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enols and enolate anions

enols and enolate anions - Chem 215 F07 Notes(for 10/17-29...

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Chem 215 F07 Notes (for 10/17-29)– Dr. Masato Koreeda - Page 1 of 20. Date: October 17, 2007 Chapter 17: Enols and Enolate Anions as Nucleophiles Enols: under acidic conditions 1. H-X, H 3 O+ acids, (H 3 C) 3 Si-X: with enolates react at O Enolates: under basic conditions 2. Halogens (Cl 2 ; Br 2 ; I 2 ) 3. O O H enol enolate I. Nucleophiles Electrophiles Rx on O Rx on C R R' O aldehydes/ketones 4. R Z O Z = Cl, OR' 5. R X alkyl, allyl, & benzyl halides with enolates react at cabanion C Rx on C (1) Generation of enolates C H O H H B C O H H (base) C O H H H B carbanion enolate nucleophilic site nucleophilic site ambident nucleophile alpha - ( ! -) carbon alpha - ( ! -) hydrogens Halogens and most of the carbon electrophiles react at the carbanion center. The solution structures of carbanions closely resemble the structures of enolates. In addition, the only reason for the acidity of the α -hydrogen is the presence of a C=O group. Therefore, the following mechanism for the deprotonation of the α -hydrogen by a base is recommended: C H O H H B ! O H H H B + C H O H H C ! C H O H H C vs C H O H H H 3 C BrMg C H O H H H 3 C BrMg not much deprotonation Kinetically, addition to the C=O carbon favored. E O + H 3 CMgBr higher " Ea for deprotonnation lower " Ea for addition OMgBr H 3 C OMgBr + CH 4 (i) H 3 C-MgBr Note: A carbanion addition reaction to a C=O is irreversible .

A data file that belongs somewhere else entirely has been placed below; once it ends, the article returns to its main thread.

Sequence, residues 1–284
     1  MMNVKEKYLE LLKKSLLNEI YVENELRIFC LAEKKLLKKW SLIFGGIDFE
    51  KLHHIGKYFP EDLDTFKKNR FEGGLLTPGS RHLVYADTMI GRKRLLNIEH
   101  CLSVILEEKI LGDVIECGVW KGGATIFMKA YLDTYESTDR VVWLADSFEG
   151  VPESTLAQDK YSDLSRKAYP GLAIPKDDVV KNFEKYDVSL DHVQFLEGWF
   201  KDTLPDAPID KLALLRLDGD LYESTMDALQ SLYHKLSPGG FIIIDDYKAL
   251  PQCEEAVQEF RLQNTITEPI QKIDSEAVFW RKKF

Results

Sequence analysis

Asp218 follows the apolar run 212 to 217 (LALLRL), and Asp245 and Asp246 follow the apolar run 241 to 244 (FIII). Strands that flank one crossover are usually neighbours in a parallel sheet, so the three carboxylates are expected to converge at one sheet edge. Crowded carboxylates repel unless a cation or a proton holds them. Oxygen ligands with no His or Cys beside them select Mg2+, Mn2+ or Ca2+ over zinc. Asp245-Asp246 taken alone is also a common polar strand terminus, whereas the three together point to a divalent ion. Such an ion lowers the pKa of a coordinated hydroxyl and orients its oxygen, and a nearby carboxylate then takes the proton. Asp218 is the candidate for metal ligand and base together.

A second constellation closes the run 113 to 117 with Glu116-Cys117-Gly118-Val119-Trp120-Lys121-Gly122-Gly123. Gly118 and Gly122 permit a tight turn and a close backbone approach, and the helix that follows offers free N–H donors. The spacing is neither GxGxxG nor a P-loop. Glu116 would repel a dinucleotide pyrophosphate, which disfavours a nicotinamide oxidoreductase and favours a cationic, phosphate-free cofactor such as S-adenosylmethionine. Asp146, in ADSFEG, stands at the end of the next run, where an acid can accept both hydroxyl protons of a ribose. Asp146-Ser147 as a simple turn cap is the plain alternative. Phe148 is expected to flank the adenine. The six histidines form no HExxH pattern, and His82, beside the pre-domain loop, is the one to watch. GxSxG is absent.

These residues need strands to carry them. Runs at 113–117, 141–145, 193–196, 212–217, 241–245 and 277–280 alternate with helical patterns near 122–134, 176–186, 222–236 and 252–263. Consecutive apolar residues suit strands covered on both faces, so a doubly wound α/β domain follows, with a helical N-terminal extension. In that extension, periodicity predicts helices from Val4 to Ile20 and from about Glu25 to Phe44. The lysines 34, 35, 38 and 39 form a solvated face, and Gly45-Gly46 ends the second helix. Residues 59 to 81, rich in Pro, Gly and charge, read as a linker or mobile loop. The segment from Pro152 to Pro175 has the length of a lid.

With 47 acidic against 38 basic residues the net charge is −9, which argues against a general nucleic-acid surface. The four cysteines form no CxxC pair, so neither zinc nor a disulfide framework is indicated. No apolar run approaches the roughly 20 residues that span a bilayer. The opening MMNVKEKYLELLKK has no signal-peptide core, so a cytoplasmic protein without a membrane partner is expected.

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Chem 215 F07 Notes (for 10/17-29) – Dr. Masato Koreeda - Page 2 of 20. Date: October 17, 2007 Enolate formation vs carbanion addition (cont’d). (ii) When (H 3 C) 3 C-Li or H 3 CCH 2 CHLi(CH 3 ) is used, enolate formation is greatly favored due to the increased steric energy for the addition. H 3 C C Li H 3 C C H 2 C CH 3 CH 3 H 3 C ! ! tert -butyllithium H Li ! ! sec -butyllithium Deprotonation (or enolate formation) favored. (iii) Commonly used non-nucleophilic bases: Na H (sodium hydride); O C(CH 3 ) 3 (potassium tert -butoxide) Li C(CH 3 ) 3 ( tert -butyllithium) Li N[CH(CH 3 ) 2 ] ( l ithium d iisopropyl a mide; LDA) K Just a base; not a nucleophilic hydride source (i.e., does not reduce a ketone nor aldehyde). ! ! ! ! C H O H H ! O H H + " " " " L ithium d iisopropyl a mide = LDA N Li One of the most frequently used, strong base! N H H 3 C C H 2 H 2 C C H 2 Li " " H 3 C C H 2 H 2 C C H 2 Br " " pKa = 36 P r e p a r a t i o n : 2 Li + LiBr N Li N Li or O tetrahydrofuran (solvent) -78 °C + H 3 C C H 2 H 2 C C H 2 H pKa ~ 50 E n o l a t e f o r m a t i o n : N Li Li N H O tetrahydrofuran (solvent) -78 °C O H H Li
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Chem 215 F07 Notes (for 10/17-29) – Dr. Masato Koreeda - Page 3 of 20. Date: October 17, 2007 II. Reactions of Enols and Enolates (1) Reactions of enolates O H H M O H H M O H H El O H H El O H H El O H H El O H H El Reactions with "slower"- reacting electrophiles. Reactions with "fast"- reacting electrophiles. "transition state" resembles the structure of the starting enolate "transition state" resembles the structure of the more stable, C=O group containing product The transition states for the reactions of enolates with highly reactive electrophiles, e.g., H-X, H 3 O * , and (H 3 C) 3 Si-Cl, closely resemble the structures of the starting enolates. In contrast, the reactions with slower- reacting carbon electrophiles, e.g., R-X and R-C(=O)-Z, go through the transitions states that have an
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